Commentary Magazine


He’s Back

It has been nearly seven years since Aryeh Deri plummeted out of the firmament of Israeli political demigods. For over a decade, the young, energetic, charismatic and phenomenally gifted leader of the Shas political party led what looked like a Black Revolution in Israeli politics, making it fashionable to be ultra-Orthodox, politically moderate, and Sephardic, raising his party to as many as 17 seats in the 1999 elections, and fixing it into the position of perpetual kingmaker ever since.

And then he was convicted of bribery charges, serving three years in prison and carrying the scarlet letter of “moral turpitude” which barred him from politics for seven years.

But now he’s back. Technically he’s got until next summer to cool off, but instead he’s announcing his intention to run, or at least to try to run, for mayor of Jerusalem as a stepping stone, a la Olmert, to national leadership.

The parallels to Olmert go beyond the holy city, however. Deri and Olmert are now in an epic struggle over who will be remembered as the most corrupt politician in Israeli history. Both the Shas party created by Deri and Jerusalem City Hall as styled by Olmert suffer from reports, odors, and my own personal witnessing of deep, dark corruption, kickbacks and cronyism and the whole bit. And Olmert has a good chance of going to jail just as Deri did.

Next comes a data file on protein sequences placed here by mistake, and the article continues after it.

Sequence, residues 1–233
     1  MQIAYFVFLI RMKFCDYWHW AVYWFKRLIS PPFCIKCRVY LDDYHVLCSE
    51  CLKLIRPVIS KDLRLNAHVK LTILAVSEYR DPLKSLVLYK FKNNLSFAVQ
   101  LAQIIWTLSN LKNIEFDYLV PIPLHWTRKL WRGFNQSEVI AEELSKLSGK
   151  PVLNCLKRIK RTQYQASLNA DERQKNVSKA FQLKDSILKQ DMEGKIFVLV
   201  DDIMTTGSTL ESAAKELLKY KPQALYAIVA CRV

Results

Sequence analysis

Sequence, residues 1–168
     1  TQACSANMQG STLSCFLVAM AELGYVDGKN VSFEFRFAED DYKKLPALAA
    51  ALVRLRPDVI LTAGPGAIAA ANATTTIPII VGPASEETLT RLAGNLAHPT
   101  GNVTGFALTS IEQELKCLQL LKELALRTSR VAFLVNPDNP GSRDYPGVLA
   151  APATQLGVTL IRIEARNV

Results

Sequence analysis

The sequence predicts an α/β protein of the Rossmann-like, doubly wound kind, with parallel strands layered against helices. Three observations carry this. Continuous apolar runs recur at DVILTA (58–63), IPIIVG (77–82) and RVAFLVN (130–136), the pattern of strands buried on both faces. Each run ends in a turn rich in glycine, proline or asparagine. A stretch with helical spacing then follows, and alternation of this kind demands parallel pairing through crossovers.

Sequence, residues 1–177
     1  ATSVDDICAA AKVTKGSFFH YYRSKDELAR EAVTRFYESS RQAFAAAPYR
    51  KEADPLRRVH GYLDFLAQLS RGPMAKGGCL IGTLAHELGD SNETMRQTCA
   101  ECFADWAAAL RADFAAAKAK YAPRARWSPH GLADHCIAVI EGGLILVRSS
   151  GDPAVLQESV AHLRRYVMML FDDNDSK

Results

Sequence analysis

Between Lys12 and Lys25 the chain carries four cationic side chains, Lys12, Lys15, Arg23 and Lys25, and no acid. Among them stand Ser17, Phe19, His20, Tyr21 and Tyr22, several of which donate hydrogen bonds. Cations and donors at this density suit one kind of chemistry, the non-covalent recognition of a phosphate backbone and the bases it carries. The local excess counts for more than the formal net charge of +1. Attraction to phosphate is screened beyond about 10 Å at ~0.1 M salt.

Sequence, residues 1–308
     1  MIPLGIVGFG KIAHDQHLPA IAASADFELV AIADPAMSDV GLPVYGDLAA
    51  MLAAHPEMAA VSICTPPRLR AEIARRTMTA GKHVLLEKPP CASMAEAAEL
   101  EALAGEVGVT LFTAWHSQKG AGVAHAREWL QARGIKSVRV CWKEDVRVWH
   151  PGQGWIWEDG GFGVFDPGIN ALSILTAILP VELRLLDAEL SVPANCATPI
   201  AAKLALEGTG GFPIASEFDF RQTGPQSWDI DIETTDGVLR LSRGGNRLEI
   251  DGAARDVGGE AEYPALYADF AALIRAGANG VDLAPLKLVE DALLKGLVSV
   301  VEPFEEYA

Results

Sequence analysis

In this week’s Jerusalem Post, former editor-in-chief Jeff Barak offers an argument for why he should not be allowed to run. Over at Ynet, Hanoch Daum offers a rebuttal, taking the side that Deri has been given a bum rap, and should be allowed to run.

If Israeli politics were dull, I would consider favoring Deri’s return just for the massive entertainment value he provides. (In his public defense back then, he sent out tens of thousands of copies of a video tape called “Ani Maashim”–the title a translation of Emile Zola’s defense of Alfred Dreyfus, “J’Accuse.” Here’s what I wrote about it back then.) But whatever you say about Israel’s current generation of leaders, boredom has yet to fall on the news cycle in the Jewish State. Him we really don’t need.